I have some obscure item numbers, and when I put them in google, I literally will get 1 page back with maybe 5 results yet my website won’t be any of those results.

I take all my item numbers and make the url and put those in sitemaps like this 

I sent my sitemaps to google like 3 months ago so it should be indexed by now.

How to create custom search form function including post “tags”

This is my HTML:

<input type="text" class="keyword" name="keyword" id="keyword" placeholder="Search video..."> <button id="search-keyword">Search</button> 

When I click the “Search” button start a script like this:

if($  ('.current').hasClass('search-select')){     action = 'my_create_posts_search'; //php function to do      ab = document.getElementsByClassName('keyword')[0].value; //get the value of input } 

Then an Ajax function starts:

 $  .ajax({     type: "POST",     url: ajax_params.ajax_url, //wordpress ajax     data: {      'action': action, //php function to do        'ab': ab, //value of input }, 

Then the action start and the code excecuted is this:

function my_create_posts_search($  name) {  //Pagination for posts  $  response = '';  $  paged = (int) (!is_null($  _POST['clicked_times'])) ? $  _POST['clicked_times'] : 0;   $  postsPerPage = 18;  $  postOffset = $  paged * $  postsPerPage;   $  args = array(     'posts_per_page'  => $  postsPerPage, //pagination     'offset'          => $  postOffset, //pagination     'category'        => 42, //post category     's'               => $  name, //value of input     'orderby'         => 'date',     'order'           => 'DESC',  );  ... other things... } 

Everything works perfectly expcet when I would like to search by Post Tags.

How can I implement this feature?

I hope my code will help you. Thanks!

Local Search Techniques (Local Optimality)

I am currently reading about local search techniques. I understand that local search algorithms tend to get stuck in local optima and therefore usually do not find globally optimal solutions. Thus, there are more sophisticated approaches that enable us to leave local optima and may improve the overall solution quality (e.g. simulated annealing or genetic algorithms). What I’m thinking about is the following: As far as I understand it, the simplest approaches like hill-climbing (best-fit) are at least guaranteed to find locally optimal solutions with regard to the specified neighborhood. Don’t we lose this property when using simulated annealing or genetic algorithms? Even for the first-fit version of hill-climbing it is no longer guaranteed to find a local optimum while getting the advantage of a possible runtime reduction. Is it a tradeoff between an increased possibility to reach globally optimal solutions (or a reduced runtime in the first-fit hill-climbing case) and a higher risk of not even getting a locally optimal solution?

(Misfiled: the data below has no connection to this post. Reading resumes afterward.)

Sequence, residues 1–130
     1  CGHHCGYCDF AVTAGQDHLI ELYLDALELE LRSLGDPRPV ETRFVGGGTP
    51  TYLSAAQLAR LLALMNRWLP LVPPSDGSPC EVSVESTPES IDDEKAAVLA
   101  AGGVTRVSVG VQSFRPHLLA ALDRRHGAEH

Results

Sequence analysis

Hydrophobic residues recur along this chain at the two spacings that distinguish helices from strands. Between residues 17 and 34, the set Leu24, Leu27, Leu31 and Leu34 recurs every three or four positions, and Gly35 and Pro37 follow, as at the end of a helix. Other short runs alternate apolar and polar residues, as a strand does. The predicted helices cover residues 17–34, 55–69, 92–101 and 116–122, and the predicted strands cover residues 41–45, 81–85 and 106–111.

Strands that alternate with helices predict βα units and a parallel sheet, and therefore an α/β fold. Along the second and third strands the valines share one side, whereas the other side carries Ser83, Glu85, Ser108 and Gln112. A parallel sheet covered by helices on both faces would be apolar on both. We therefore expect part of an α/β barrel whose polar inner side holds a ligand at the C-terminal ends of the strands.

Issue of thumbnails in mobile search results snippets [on hold]

Please help me understand how google is picking up images for mobile search results differently for profile pages having the same structure.

Ref URLs:





In these webpages, the og: image is different from the one which is visible on the page. For the actual image there is an attribute as itemtype=”” added to the picture element in the markup. Google is picking up og: image for the first 2 links and actual images for the others. For these search queries:

  1. searching “Chris mulligan” – shows an actual image which is getting displayed in the webpage Chris Results

  2. Searching “Liz Hilton Segel” – shows image given as og: image in the webpage Liz results

  3. Searching “Kate Smaje” – shows the actual image which is inside the page Kate result

  4. Searching “Werner Rehm” – showing the og: image given inside the page. Werner result

The same inconsistency is appearing for other profiles as well.